Why does it take time for a tan to appear? Scientists have finally figured out what causes it

When it comes to tanning, we often notice that our skin doesn’t darken immediately after being in the sun. Now scientists have discovered the reason for this delay. By conducting experiments on human and mouse skin, a group of researchers from Tel Aviv University (Israel) found that the tan appears only after the skin undergoes emergency DNA repair. The study was published in the Journal of Investigative Dermatology

Skin defense mechanisms

According to molecular biologist Nadav Elkoshi, the skin has two defense mechanisms against dangerous UV radiation. The first mechanism repairs DNA in radiation-damaged skin cells, while the second increases melanin production, which darkens the skin, protecting it from further exposure.

Prioritizing resources and delaying tanning

Researchers have suggested that tanning delay is related to resource prioritization. After exposure to UV radiation, all of the cell’s resources are mobilized to repair radiation damage as quickly as possible. Only after this task is completed can the cell allocate resources to melanin production. To test this hypothesis, experts irradiated human skin samples and cultured them in petri dishes, studying the response of cells to radiation damage.

Activation of ATM protein

The researchers confirmed that the ATM protein kinase kinase, which is activated when DNA damage occurs and plays a key role in cell repair, becomes active shortly after exposure to UV radiation. To learn more, they induced ATM activation in mouse models and observed the results. Even in the absence of harmful radiation, tanning appeared after a certain period of time on both mouse and human skin samples.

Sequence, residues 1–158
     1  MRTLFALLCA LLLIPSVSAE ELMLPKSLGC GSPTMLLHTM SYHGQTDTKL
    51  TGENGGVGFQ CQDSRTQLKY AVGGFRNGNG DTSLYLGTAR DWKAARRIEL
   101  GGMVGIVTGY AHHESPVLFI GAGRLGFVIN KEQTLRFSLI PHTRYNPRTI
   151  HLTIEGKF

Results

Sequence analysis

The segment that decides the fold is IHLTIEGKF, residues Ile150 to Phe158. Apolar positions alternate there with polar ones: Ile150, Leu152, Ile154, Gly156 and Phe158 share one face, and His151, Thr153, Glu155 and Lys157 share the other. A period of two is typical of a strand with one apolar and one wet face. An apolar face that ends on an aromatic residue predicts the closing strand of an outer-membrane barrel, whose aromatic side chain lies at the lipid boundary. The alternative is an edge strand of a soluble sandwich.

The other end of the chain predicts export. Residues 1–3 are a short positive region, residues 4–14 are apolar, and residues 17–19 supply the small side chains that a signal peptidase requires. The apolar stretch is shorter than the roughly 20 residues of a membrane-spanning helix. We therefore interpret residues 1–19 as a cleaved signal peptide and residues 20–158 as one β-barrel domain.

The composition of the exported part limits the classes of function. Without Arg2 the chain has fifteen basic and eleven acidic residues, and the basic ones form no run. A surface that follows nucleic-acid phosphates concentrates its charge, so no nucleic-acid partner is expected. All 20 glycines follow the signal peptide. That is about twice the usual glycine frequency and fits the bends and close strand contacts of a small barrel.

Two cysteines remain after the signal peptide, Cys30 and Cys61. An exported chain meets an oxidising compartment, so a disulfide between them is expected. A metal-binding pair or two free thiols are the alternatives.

DNA repair takes priority

A closer look at cellular processes revealed that ATM activation blocks the activation of the MITF protein, which is responsible for increasing melanin production. This allows DNA repair within the cell during exposure to UV radiation. Carmit Levy, a biochemist and molecular biologist at Tel Aviv University, explains that the DNA repair mechanism essentially commands all other mechanisms in the cell to pause until the repair is complete, which usually occurs a few hours after UV exposure.

Potential consequences of radiation damage to the skin

The researchers believe that DNA repair may even use components of the pigmentation mechanism to enhance cell survival and minimize the risk of mutations. This discovery could pave the way for further research into innovative methods to protect the skin from radiation damage and possibly prevent skin cancer.

Expert opinions and development perspectives

Karmit Levy emphasizes the significance of this scientific discovery, stating that it could serve as a basis for future research and contribute to the development of methods to maximize skin protection. She emphasizes that understanding the molecular mechanisms underlying delayed tanning may lead to innovative approaches to prevent and treat the effects of radiation damage to the skin.

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